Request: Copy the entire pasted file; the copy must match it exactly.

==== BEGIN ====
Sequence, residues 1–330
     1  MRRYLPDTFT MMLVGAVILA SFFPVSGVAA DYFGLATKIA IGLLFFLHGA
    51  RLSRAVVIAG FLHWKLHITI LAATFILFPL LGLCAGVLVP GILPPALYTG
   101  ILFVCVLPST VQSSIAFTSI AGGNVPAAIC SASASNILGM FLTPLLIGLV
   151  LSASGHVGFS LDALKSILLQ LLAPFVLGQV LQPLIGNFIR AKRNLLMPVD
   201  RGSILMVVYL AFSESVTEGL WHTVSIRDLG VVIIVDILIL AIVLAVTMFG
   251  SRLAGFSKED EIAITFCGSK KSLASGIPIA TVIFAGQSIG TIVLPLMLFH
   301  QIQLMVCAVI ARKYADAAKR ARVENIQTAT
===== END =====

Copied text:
Sequence, residues 1–330
     1  MRRYLPDTFT MMLVGAVILA SFFPVSGVAA DYFGLATKIA IGLLFFLHGA
    51  RLSRAVVIAG FLHWKLHITI LAATFILFPL LGLCAGVLVP GILPPALYTG
   101  ILFVCVLPST VQSSIAFTSI AGGNVPAAIC SASASNILGM FLTPLLIGLV
   151  LSASGHVGFS LDALKSILLQ LLAPFVLGQV LQPLIGNFIR AKRNLLMPVD
   201  RGSILMVVYL AFSESVTEGL WHTVSIRDLG VVIIVDILIL AIVLAVTMFG
   251  SRLAGFSKED EIAITFCGSK KSLASGIPIA TVIFAGQSIG TIVLPLMLFH
   301  QIQLMVCAVI ARKYADAAKR ARVENIQTAT